Date: Monday, November 9, 2015
Session Title: Epidemiology and Public Health II: RA and Lifestyle Factors
Session Type: ACR Concurrent Abstract Session
Session Time: 2:30PM-4:00PM
Increased salt concentration enhances the production of TH17 cells, which are highly proinflammatory and are pivotal in rheumatoid arthritis (RA) pathogenesis.1, 2 A population-based study has identified an increased RA risk among smokers who also consume a high amount of sodium, as well as a significant additive interaction between smoking and high sodium intake for the development of ACPA-positive RA.3 Based on these results, we aimed at investigating the role of salt consumption, together with smoking, with regard to the development of ACPA-positivity.
The analysis involved 1294 newly diagnosed cases recruited from the EIRA project during 2009-2011. Smoking status (categorized as never/ever smoking), smoking intensity (cut-off at 20 pack-years) and other lifestyle related factors were reported through self-administrated questionnaires at baseline. Sodium consumption was calculated using an algorithm based on data from food questionnaire and was categorized as low, median and high intake. We calculated the odds ratio (OR) and 95% confidence intervals (95%CI) associated with combinations of smoking and salt regarding the development of ACPA positivity in a case-only analysis.
We identified an increased risk of belonging to the ACPA-positive RA subset among ever smokers (OR=1.4, 95%CI: 0.9-2.1) and heavy smokers (OR=2.6, 95%CI: 1.6-4.1) who had a medium to high sodium intake compared with never smokers with low intake. We further observed a dose response effect between pack-years of smoking and sodium intake with regard to ACPA-positivity (light or never smokers/median sodium intake: 1.0 (0.7-1.4); light or never smokers/high sodium intake: 0.9 (0.6-1.3); heavy smokers/low sodium intake: 1.4 (0.8-2.4); heavy smokers/median sodium intake: 2.1 (1.2-3.7); heavy smokers/high sodium intake: 3.2 (1.7-6.0); p-trend <0.0001).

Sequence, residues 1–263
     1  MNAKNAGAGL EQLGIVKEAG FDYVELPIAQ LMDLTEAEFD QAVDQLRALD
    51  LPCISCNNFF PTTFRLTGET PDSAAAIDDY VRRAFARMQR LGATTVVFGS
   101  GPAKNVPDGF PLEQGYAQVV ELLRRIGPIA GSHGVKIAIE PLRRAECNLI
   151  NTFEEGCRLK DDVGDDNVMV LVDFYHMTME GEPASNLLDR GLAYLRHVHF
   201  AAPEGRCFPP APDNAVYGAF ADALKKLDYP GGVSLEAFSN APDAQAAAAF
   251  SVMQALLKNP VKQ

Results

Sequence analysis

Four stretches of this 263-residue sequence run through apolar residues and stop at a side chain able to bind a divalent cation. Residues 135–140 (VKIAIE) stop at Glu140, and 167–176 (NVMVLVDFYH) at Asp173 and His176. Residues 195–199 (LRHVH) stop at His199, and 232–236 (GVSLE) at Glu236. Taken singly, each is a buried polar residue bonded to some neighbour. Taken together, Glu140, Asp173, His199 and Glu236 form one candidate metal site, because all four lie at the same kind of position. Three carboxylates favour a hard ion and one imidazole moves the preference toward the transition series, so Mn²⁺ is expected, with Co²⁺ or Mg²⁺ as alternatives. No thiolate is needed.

Conclusion: We observed an increased risk of ACPA-positivity among high sodium intake (heavy) smokers, compared with never smokers with low sodium intake, as well as a dose response effect of sodium intake among heavy smokers.
1. Kleinewietfeld M, Manzel A, Titze J, et al. Sodium chloride drives autoimmune disease by the induction of pathogenic TH17 cells. Nature 2013;496:518-522.
2. Wu C, Yosef N, Thalhamer T, et al. Induction of pathogenic TH17 cells by inducible salt-sensing kinase SGK1. Nature 2013;496:513-517.
3. Sundstrom B, Johansson I, Rantapaa-Dahlqvist S. Interaction between dietary sodium and smoking increases the risk for rheumatoid arthritis: results from a nested case-control study. Rheumatology (Oxford) 2015;54:487-493.
To cite this abstract in AMA style:Jiang X, Sundström B, Alfredsson L, Klareskog L, Rantapaa-Dahlqvist S, Bengtsson C. Sodium Chloride Consumption, Together with Smoking, Is Associated with ACPA Positivity [abstract]. Arthritis Rheumatol. 2015; 67 (suppl 10). https://acrabstracts.org/abstract/sodium-chloride-consumption-together-with-smoking-is-associated-with-acpa-positivity/. Accessed August 3, 2020.
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